Ian Abrahams has written an article about the motivational impact of science practical work. Unfortunately I don’t have access to it and I can’t find a PDF version of it anywhere. In the abstract he writes that “whilst practical work generates short‐term engagement, it is relatively ineffective in generating motivation to study science post compulsion or longer‐term personal interest in the subject, although it is often claimed to do so. This suggests that those involved with science education need to develop a more realistic understanding of the limitations of practical work in the affective domain.” This does not surprise me in the slightest and Alom Shaha makes related points here (1).
To illustrate the point with an anecdotal example: when I start the GCSE topic of precipitates I always do a basic demonstration involving potassium iodide and lead nitrate. When you mix these two clear solutions together, the product is a vibrant yellow solid suspended in the solution around it – a precipitate. The students always respond in the same way with this demo (and many others). The second the yellow colour appears as though by magic, the students are awed and I get hit by a barrage of questions about how it works, what it is etc. It’s nowhere near the most spectacular chemistry demo, but it is still pretty cool if you’ve never seen it before.
And yet, I could count on the fingers of one hand the students that went on from seeing that practical to be actually excited about the next part of the lesson which involves students learning about precipitates, which ions form precipitates, how to separate precipitates and how to construct equations with suitable state symbols. The spark doesn’t really linger.
But I suppose this is true universally. We all find things that fascinate us but then we find ourselves reaching a certain point where we just lose interest. Planet Earth 2 and other documentaries would be a great example. We all become utterly absorbed in the vignettes of the animals as they go about their daily activities, but how many of us go on to read an article about extreme population divergence and conservation implications for the rare endangered Atlantic Forest sloth, Bradypus torquatus (Pilosa: Bradypodidae)? Probably not many.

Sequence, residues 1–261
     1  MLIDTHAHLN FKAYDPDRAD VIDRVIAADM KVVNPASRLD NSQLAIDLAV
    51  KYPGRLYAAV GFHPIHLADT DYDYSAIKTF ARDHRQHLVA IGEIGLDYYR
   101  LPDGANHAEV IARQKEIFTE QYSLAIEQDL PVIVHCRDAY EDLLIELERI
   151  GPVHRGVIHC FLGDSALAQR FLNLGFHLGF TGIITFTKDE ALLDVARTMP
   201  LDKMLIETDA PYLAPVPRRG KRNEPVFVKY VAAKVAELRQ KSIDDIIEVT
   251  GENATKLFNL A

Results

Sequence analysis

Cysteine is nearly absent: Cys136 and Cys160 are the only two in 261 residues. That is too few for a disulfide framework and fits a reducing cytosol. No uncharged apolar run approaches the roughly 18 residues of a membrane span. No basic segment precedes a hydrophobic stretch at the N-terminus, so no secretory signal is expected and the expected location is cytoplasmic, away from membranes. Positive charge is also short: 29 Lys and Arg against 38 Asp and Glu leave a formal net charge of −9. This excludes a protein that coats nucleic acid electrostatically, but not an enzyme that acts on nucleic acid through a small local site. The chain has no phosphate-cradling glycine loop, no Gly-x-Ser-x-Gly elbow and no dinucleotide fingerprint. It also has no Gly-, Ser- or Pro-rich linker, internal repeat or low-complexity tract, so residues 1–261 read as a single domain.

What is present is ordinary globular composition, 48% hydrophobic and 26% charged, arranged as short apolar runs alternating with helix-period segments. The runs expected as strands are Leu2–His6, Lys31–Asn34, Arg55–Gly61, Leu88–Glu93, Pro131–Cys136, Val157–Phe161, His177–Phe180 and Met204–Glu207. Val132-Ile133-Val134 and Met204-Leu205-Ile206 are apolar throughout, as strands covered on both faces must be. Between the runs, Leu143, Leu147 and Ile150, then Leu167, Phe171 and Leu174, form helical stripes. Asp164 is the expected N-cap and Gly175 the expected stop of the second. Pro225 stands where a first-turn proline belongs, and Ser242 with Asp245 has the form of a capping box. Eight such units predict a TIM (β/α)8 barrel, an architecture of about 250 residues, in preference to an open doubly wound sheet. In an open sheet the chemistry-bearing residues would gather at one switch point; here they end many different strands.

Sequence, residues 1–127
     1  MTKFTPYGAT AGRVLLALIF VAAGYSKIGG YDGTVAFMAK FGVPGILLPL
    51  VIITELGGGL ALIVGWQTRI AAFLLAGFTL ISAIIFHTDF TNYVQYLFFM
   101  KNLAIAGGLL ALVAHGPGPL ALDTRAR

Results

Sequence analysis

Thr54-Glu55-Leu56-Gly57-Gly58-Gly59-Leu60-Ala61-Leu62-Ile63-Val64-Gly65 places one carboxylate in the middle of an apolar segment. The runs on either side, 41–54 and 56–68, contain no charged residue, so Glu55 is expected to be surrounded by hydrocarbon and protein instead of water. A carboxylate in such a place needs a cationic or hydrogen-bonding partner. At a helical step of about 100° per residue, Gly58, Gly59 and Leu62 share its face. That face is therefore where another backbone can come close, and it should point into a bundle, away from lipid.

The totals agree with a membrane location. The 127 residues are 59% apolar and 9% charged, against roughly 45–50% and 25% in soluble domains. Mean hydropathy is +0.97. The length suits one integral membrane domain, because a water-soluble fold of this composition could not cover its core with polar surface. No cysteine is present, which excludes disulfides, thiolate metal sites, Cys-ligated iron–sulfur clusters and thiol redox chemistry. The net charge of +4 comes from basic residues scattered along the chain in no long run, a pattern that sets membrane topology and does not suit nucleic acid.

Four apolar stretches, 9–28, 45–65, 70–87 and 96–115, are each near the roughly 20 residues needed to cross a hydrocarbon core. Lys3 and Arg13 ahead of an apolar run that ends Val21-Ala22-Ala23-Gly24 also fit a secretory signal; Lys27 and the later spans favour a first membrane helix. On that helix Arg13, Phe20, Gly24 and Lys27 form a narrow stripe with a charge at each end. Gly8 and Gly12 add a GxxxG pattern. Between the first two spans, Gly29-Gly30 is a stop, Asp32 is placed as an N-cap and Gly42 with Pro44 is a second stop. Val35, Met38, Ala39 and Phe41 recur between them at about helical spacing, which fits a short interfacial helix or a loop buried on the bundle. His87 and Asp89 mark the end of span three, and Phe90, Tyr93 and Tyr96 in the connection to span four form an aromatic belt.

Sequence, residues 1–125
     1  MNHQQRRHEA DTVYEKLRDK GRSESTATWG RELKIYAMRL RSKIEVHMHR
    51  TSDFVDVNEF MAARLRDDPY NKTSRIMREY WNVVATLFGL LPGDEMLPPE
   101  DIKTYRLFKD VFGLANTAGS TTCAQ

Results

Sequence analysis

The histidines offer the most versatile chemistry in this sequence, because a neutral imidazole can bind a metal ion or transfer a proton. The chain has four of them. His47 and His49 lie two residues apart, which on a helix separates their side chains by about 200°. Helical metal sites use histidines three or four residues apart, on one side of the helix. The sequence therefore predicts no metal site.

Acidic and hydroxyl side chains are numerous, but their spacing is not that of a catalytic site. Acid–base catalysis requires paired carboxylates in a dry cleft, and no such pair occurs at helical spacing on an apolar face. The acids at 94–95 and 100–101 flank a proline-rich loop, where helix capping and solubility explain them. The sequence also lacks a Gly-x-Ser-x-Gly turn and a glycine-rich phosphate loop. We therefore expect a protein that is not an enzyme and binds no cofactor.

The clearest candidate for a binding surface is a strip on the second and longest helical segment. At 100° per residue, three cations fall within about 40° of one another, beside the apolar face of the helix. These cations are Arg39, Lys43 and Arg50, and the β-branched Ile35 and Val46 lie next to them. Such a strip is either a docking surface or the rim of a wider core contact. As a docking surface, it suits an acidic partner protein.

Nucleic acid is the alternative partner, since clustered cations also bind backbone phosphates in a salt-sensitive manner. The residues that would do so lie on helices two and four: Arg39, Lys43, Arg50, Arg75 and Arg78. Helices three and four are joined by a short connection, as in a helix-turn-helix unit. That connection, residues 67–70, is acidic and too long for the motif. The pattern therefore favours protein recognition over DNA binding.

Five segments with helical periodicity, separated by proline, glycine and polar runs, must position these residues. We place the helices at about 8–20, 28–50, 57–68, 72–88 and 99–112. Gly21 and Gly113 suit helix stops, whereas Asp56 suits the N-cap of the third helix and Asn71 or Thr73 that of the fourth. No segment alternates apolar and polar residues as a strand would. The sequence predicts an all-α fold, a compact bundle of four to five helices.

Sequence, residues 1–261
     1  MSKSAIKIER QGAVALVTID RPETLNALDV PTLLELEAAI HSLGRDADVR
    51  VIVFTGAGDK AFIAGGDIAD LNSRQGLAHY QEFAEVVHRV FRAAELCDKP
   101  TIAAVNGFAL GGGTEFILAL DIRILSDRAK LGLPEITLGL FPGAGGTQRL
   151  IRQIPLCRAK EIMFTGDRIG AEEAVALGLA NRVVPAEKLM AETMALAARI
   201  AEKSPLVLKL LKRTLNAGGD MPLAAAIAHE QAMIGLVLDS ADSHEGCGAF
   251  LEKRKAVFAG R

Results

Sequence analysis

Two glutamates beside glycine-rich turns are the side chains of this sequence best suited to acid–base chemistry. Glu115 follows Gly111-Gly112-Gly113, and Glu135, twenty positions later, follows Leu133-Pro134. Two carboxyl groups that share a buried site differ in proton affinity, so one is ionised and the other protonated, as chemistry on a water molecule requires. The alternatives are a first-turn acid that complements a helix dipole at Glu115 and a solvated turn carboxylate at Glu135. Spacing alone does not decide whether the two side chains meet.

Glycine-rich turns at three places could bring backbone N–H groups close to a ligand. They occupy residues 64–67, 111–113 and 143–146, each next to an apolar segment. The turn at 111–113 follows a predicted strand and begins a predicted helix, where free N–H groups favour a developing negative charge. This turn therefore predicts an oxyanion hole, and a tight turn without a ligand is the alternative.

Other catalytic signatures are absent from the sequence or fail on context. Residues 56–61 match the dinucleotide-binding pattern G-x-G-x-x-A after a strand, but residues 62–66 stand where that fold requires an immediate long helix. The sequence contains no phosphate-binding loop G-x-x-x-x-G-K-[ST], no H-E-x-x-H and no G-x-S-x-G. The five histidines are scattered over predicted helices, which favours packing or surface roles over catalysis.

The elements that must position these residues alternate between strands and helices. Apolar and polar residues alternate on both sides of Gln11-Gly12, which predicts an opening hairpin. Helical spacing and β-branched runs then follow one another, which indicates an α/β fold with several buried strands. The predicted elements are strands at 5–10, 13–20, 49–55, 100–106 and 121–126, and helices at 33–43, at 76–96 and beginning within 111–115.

We all have our point at which we lose interest. And even the most creative teachers will find that not all students are interested in everything all the time. I don’t think that’s the end of the world. My job is to do right by my students – and that means teaching them science and getting them their grades. If I can inspire them to have a love for and lifelong fascination with science and the natural world around them then all the better. But if I can’t then so be it.
(1) Many thanks to those in the comments and Joe on twitter for pointing me in the direction of the Abrahams piece which you can find here. It makes a lot of interesting points, especially about different types of interest/engagement which I think I need to spend more time thinking about. His main finding though is that even though students state they enjoy practicals, that tends to be in a relative sense i.e. they prefer it to any other kind of science lesson. I think this is completely in concordance with the argument I have tried to make above.